I am sitting at my desk in my home office looking out over a foggy Puget Sound. A cold pack is wrapped around my foot, a hot pack strapped to my shoulder, my face mask is hanging on it’s hook ready to cover my nose and mouth if I have to venture out from the safety of my home. My dogs are softly snoring on the couch. I am reflecting on the first four months of this year, months of unwanted surprise, pain, surrender, gratitude and discovery.
Three Surprises and A Silver-Lining
The surprise came in the form of two unexpected surgeries within four weeks, a foot bone fusion – probably due to too too much strenuous purposeful hiking with my two search and rescue dogs – and rotator cuff surgery of my dominant arm resulting from a fall – probably woozy from narcotics – on my crutches the day of my foot surgery. While my foot is doing well now, three months later, and I just did my first very slow three-mile hike yesterday, my shoulder is still 10 months away from being fully healed and hurts like the dickens. ALL THE TIME! I try to be grateful. I know others’ have it worse. But, I have been spoiled with good health my whole life and this predicament caught me totally off guard. My ability to adapt with grace has certainly not been helped by the fact that my persona, according to my husband Scott, is “fiercely independent.” Having to ask for help to manage even the most mundane of tasks has been more than challenging for me, someone who by profession is an executive coach used to helping others become self-actualized: “Scott can you help me shower. I need my hair up in a ponytail. Can you please bring my dinner on a tray. I cannot uncork this wine bottle, please help me, NOW! ”
I freely admit I have been having pity parties this Spring. But my own circumstance started looking a bit less bleak when the third surprise descended upon us: the Pandemic. The truth: for some time now I have felt fortunate to be able to cocoon in my house with Scott and my dogs Keb and Kili. Surrendering to being taken care of has been a freeing experience. Growing older does not seem quite such a scary or lonesome prospect as Scott and I have grown closer as a team while dealing with my temporary disability, social distancing and watching our businesses slow down to an almost standstill. At this stage I maintain my roundtables mostly as a goodwill gesture. Pretty much none of my clients are in a position to pay membership fees right now, but it is a strong community where many of us have developed deep and meaningful connections with one another. Though I cannot help on the frontlines along with healthcare workers, janitors, grocery workers and others, this is one small way I can make a meaningful difference by providing a safe space to decompress for my leaders.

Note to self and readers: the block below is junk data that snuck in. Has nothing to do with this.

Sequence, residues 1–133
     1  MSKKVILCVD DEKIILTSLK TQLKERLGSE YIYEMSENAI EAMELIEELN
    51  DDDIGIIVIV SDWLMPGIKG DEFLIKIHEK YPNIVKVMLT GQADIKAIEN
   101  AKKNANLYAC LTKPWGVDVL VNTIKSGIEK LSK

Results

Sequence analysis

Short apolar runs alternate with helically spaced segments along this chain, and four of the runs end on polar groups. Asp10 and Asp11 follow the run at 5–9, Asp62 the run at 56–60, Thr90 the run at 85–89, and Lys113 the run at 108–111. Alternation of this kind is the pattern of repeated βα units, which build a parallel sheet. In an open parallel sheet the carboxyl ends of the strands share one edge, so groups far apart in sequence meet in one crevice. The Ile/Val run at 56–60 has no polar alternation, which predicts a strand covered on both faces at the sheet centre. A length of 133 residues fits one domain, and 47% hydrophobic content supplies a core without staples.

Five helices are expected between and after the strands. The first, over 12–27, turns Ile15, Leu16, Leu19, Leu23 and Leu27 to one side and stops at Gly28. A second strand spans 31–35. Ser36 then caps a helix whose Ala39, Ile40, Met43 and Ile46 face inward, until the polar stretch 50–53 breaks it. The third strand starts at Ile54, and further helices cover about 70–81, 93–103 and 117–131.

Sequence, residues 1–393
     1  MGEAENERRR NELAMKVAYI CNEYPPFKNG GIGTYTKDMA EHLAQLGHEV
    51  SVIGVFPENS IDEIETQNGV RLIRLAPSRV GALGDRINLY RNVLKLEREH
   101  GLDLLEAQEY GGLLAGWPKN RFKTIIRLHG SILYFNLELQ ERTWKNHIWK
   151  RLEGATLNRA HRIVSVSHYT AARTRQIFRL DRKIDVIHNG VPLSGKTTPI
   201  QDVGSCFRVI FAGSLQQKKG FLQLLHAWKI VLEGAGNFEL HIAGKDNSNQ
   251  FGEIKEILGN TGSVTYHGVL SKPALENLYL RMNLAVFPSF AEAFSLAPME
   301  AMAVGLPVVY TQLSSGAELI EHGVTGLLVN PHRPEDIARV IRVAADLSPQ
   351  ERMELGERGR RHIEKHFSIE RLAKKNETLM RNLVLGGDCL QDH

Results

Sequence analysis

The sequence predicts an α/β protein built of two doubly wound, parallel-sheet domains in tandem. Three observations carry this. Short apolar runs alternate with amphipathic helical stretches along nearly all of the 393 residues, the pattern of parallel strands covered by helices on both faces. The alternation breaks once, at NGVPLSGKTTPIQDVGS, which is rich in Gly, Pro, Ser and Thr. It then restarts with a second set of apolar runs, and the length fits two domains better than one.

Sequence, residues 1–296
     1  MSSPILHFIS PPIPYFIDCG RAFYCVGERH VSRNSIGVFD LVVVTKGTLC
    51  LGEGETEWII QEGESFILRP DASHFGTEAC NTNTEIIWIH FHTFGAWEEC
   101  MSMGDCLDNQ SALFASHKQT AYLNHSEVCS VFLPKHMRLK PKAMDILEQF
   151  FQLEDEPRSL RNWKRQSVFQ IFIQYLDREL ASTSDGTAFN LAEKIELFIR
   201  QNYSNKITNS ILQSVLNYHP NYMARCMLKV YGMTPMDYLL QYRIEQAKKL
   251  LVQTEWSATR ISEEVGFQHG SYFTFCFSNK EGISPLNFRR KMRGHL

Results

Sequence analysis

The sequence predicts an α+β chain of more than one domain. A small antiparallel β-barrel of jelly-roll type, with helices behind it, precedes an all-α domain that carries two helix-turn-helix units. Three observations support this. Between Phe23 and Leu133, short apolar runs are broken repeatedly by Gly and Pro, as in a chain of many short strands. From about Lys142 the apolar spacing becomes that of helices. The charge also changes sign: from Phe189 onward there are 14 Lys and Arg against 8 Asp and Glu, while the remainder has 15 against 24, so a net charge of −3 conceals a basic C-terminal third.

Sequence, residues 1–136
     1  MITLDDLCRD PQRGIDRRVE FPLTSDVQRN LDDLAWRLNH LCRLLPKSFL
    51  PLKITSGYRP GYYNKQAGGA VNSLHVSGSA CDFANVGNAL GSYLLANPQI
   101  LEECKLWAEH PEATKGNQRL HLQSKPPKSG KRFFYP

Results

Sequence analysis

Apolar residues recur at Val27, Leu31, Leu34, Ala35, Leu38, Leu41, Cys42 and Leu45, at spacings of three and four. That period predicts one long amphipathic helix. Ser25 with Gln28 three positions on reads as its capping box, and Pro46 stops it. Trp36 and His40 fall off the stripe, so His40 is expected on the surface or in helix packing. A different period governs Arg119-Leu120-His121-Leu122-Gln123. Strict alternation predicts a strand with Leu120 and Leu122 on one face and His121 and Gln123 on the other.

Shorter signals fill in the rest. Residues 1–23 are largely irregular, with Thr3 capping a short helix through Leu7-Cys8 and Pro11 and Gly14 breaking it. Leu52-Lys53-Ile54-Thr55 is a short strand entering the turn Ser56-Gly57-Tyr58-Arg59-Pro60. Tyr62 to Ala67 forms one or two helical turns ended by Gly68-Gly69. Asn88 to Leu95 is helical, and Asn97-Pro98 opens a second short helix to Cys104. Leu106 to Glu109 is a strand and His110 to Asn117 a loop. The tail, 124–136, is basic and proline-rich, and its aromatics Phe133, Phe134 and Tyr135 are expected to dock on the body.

New Realities Come With New Opportunities
I want to wake up and find out that both my surgeries and the pandemic are but bad dreams, but the reality is that the combination of crises I have been and am facing, are real and there is a silver lining: I have learned to surrender, be present, receive help and look at my ‘why’ with fresh eyes. Life has slowed down and Scott and I have more time just BEING together. And the virtual shutdown of my business – and Scott’s – has led to unexpected discoveries and allowed my roundtable community of leaders, to enter new territories, explore deeper questions, listen more deeply and remain fully human and more vulnerable during this perfect storm. As their sense of security has been shaken, as they have been under tremendous pressure, as our meetings have shifted to virtual Zoom meetings after 25 years of monthly face-to-face gatherings, we have also felt a deeper sense of community with each other – of being in this together. Our meetings have always had an element of peer coaching, but now as we face Covid and an unknown future together we are letting others in to the more private aspects of our lives. I see as clearly now as I did on 9-11-2001 why my tagline from the very beginning of my practice has been to “build community for leaders.” I also see the power of my decision early on to blend my personal and professional life as I pursued my goal of building community in every aspect of my life (a long time before “community” became popular business jargon). My clients have no choice: they get all of me whether they want it or not.
This Is Our Moment
I am fortunate to have found purpose and value in what I do for a living and passion in my avocation to save lives and find the missing and dead with my search and rescue dogs. I am lucky to have my family and friends. I am grateful to have had the opportunity to create community for the senior leaders that are members of my roundtables. We are discovering new paths forward together. We know we will not be who we were going into this crisis when we get out on the other side. We know our workplaces will look drastically different. Facing the unknown together makes it a bit less overwhelming, and perhaps even a bit exciting. This is our moment. You are my tribe. You are my peeps. You are my community and the space where I refresh, refuel and find creativity.